I know, some days I sound like the biggest food snob.
I swear, risotto is one of those things that sounds ultra-fancy, you may pay a fortune for in a restaurant, but it’s just rice. I promise it’s easier than steamed rice; it’s as easy as making oatmeal. It’s nursery food.
If you love risotto, just try it once. Once you’ve figured it out, there are all sorts of possibilities with risotto. I just stuck with the basic lemon-parmesan version I made last time, but after I scooped some of it out it occurred to me I could tear some fresh spinach straight into it, and it would just wilt into its warmth. It was great.
Since I was busy prepping other things, I pulled a chicken from the freezer, stuck it in a bowl of warm water to thaw, and then roasted it, knowing it would be super with the risotto and the leftovers will feed the boys tomorrow in my absence. Another zero-effort dish, unless you count rubbing it with oil and sprinkling it with salt and pepper. The spent lemons I used in the risotto filled up the cavity nicely, too. (Hint: roasting chickens is a great way to keep cast iron skillets well-seasoned!)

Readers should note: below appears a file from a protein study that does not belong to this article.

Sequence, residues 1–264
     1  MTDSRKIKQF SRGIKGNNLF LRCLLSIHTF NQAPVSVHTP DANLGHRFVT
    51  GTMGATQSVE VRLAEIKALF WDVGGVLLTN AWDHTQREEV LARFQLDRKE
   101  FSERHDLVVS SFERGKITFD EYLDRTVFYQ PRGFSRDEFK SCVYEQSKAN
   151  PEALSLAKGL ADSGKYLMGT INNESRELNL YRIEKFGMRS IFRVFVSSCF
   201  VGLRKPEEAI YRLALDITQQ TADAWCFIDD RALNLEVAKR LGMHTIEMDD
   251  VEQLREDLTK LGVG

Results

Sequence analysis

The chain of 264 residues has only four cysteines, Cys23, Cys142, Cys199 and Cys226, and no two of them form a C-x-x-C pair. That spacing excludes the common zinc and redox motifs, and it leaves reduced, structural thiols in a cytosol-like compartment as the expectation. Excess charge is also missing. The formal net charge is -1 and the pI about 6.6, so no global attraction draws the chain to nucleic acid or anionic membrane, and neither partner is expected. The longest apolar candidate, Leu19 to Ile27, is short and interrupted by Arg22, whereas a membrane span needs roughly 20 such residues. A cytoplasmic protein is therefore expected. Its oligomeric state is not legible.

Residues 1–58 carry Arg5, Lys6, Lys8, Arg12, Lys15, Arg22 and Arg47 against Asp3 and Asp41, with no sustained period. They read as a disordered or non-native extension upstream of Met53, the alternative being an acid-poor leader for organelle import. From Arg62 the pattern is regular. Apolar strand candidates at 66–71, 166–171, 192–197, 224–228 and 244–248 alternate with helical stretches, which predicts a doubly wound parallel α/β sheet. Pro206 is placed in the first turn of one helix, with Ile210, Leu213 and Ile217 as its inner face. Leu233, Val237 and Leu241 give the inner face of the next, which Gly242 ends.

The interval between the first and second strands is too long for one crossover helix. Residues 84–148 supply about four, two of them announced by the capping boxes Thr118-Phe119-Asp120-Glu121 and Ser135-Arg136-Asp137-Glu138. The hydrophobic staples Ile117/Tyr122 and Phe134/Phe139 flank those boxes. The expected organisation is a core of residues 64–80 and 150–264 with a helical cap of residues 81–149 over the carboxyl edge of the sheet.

So really, the idea behind risotto is that you stir it lots (in contrast with not disturbing it as it cooks) in order for the rice to release its starch into the dish, making it thick and creamy and oatmeal-like. Which is what makes it particularly difficult to screw up; you just keep on adding liquid, cook until it absorbs it all, and add more and keep on stirring until the rice is tender. If there’s too much liquid, it will eventually absorb it; if there’s not enough, add more. You warm the stock first so that it doesn’t cool the risotto and slow the cooking down every time you add some.
Lemon Parmesan Risotto
a drizzle of olive or canola oil and a small knob of butter
1 small onion, finely chopped
2 cups Arborio rice
6(ish) cups chicken or vegetable stock, warmed up
1/2-1 cup freshly grated Parmesan cheese
zest and juice of 1 lemon
another small knob of butter, if you like
In a medium-large pot, heat the oil and butter over medium-high heat and saute the onion until it’s soft and translucent. Add the rice and cook for a minute, just to coat the grains with oil.
If you like, add a splash of white wine and cook until it’s absorbed (some will cook off). Add about half a cup of stock and cook, stirring, until it’s absorbed. Continue adding stock a half cup to a cup at a time and cook, stirring (it doesn’t have to be constantly, just frequently) until it absorbs the liquid. When it’s all used up (it should take about half an hour) the grains should be soft. If they still have a crunchy core, just add a little more water or stock, if you have more.
When the rice is cooked and it’s nice and creamy, stir in the cheese, lemon zest and juice, and butter. Stir until the cheese melts. (If you like, stir in a handful of chopped fresh spinach, parsley or basil too, and it will wilt into the risotto.)
Serves about 6.